Why aren't exact differential equations considered PDE?

Exact differential equations come from finding the total differential from some multivariable function.

In the exact differential equation $M\mathrm{d}x+N\mathrm{d}y=0$

M and N are considered to be partial derivatives of some potential function... So why aren't exact differential equations considered PDEs? After all, you're finding the potential function given it's partial derivatives...

Thanks.

• Because it is essentially a differential equation $dF(x(t),y(t))/dt=0$. – Troy Woo Sep 13 '14 at 18:25
• But it's not always the case that both x and y are functions of t. Or is this irrelevant? – DLV Sep 13 '14 at 18:26
• It has to be, $x,y$ are functionally dependent. If you don't like $t$, how about $x$? – Troy Woo Sep 13 '14 at 18:28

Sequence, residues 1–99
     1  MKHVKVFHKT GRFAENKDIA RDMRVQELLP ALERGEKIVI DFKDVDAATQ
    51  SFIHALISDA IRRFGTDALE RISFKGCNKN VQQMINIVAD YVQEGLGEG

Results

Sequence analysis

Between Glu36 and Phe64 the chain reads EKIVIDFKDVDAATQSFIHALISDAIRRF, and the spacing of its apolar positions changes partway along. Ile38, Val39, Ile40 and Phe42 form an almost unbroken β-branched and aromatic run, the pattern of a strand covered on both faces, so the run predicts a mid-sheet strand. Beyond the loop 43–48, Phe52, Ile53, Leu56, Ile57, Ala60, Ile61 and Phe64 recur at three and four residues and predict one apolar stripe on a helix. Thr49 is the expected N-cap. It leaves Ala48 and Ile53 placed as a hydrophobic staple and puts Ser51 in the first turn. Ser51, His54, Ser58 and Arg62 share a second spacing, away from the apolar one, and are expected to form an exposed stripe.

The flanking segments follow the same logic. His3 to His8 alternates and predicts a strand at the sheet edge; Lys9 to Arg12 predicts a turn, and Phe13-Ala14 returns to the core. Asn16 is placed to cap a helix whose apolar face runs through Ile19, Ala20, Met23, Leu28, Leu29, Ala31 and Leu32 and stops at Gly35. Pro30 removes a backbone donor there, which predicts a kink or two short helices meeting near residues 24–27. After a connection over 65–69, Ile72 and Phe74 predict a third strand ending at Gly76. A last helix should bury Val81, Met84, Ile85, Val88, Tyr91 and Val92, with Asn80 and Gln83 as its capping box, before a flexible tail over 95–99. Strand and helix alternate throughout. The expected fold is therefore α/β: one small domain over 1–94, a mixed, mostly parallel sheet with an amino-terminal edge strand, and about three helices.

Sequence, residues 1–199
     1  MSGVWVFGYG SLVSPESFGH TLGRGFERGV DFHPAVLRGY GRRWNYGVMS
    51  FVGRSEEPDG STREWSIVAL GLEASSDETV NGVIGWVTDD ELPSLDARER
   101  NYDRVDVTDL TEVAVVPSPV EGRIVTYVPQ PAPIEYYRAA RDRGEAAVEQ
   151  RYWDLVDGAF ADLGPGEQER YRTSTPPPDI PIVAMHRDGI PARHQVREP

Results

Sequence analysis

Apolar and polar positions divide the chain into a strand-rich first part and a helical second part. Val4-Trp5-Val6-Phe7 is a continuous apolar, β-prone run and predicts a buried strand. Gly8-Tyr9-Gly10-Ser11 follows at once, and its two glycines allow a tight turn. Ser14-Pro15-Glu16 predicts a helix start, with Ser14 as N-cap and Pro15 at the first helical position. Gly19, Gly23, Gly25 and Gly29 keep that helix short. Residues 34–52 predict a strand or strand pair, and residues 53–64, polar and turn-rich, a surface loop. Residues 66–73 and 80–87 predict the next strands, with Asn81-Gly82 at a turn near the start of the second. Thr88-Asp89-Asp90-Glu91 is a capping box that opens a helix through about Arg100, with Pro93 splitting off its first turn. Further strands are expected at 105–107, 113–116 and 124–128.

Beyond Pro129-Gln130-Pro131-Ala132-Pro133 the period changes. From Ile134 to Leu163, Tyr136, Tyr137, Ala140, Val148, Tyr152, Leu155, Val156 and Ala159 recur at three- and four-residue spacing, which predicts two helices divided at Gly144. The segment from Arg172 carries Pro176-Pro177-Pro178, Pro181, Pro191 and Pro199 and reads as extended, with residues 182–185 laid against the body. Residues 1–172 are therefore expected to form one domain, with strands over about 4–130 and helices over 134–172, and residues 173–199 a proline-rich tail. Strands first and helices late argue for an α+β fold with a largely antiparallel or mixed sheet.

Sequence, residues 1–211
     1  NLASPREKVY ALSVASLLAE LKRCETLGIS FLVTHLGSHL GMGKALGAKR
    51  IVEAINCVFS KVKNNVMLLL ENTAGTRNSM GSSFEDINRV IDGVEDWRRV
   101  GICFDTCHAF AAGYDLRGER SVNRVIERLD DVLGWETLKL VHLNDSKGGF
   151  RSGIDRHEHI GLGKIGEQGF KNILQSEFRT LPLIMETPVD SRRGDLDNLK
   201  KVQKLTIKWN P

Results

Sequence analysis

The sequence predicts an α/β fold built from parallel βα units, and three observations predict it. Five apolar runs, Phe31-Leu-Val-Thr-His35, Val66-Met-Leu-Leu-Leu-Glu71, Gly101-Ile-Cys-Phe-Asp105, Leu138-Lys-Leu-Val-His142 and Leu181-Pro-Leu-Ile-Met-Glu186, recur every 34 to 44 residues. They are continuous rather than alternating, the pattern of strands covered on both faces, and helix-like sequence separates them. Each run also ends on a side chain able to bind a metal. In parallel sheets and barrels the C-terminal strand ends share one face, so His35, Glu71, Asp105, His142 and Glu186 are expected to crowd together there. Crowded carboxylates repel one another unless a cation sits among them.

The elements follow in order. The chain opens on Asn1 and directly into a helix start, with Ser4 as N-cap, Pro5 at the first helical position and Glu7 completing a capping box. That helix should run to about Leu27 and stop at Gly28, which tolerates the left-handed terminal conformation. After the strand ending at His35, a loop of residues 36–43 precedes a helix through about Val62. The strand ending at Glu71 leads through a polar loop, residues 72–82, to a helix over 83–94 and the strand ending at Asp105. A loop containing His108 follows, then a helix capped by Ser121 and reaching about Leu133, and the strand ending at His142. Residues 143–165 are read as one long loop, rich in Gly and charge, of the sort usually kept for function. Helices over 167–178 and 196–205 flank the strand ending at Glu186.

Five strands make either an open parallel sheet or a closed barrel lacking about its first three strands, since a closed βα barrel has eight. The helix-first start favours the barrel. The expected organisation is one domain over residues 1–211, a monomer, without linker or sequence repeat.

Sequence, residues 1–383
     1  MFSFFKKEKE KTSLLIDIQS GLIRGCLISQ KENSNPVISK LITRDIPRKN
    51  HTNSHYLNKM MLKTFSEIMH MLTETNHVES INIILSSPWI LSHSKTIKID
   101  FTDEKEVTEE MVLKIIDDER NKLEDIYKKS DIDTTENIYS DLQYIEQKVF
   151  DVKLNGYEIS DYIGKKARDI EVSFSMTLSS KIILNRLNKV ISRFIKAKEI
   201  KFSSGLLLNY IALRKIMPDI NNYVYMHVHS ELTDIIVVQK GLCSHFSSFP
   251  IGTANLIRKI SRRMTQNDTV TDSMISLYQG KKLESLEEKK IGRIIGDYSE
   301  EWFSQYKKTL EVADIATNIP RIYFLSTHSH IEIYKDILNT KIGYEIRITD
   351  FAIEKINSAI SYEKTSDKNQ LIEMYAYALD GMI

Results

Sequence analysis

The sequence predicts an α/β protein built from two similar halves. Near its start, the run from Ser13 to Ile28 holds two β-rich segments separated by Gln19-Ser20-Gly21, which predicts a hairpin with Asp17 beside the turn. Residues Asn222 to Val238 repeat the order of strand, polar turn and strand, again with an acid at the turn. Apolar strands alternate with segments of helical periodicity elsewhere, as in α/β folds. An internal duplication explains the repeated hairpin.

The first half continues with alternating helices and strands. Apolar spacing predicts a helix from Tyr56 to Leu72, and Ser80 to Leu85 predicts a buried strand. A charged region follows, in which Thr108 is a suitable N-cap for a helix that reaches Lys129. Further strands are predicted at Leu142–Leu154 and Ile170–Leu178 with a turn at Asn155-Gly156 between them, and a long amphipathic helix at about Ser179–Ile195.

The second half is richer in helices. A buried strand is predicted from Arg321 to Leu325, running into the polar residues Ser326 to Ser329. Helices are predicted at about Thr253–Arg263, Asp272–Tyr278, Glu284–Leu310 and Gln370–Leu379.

• No no, I'm not against the letter t. I'm just saying that x and y are not always functions of the same variable. Or do they have to be? How do you know they have to be? – DLV Sep 13 '14 at 18:30
• Since $Mdx+Ndy$ is exact, it has a primitive $F(x,y)$. So $Mdx+Ndy=0$ means $F(x,y)=c$ a constant. This is a level set or simply a curve in $\mathbb R^2$. So a curve can always be parametrized. You could just check up implicit function theorem. – Troy Woo Sep 13 '14 at 18:42

Because the partial differentials part is just a method of solving them, it's in the intermediate steps of a solution, not in the DE itself from the start. A bad example(can't think of a better one right now) would be considering $x-2=0$ a second degree polynomial because you can introduce parameters and make it $x^2=4, x>0$.
A more specialized example would be $$y'=y \iff y'-y=0 \stackrel{\cdot e^{-x}}{\iff}\frac{y'}{e^x}-\frac{y}{e^x}=0$$ Now, would you consider $y'=y$ a PDE?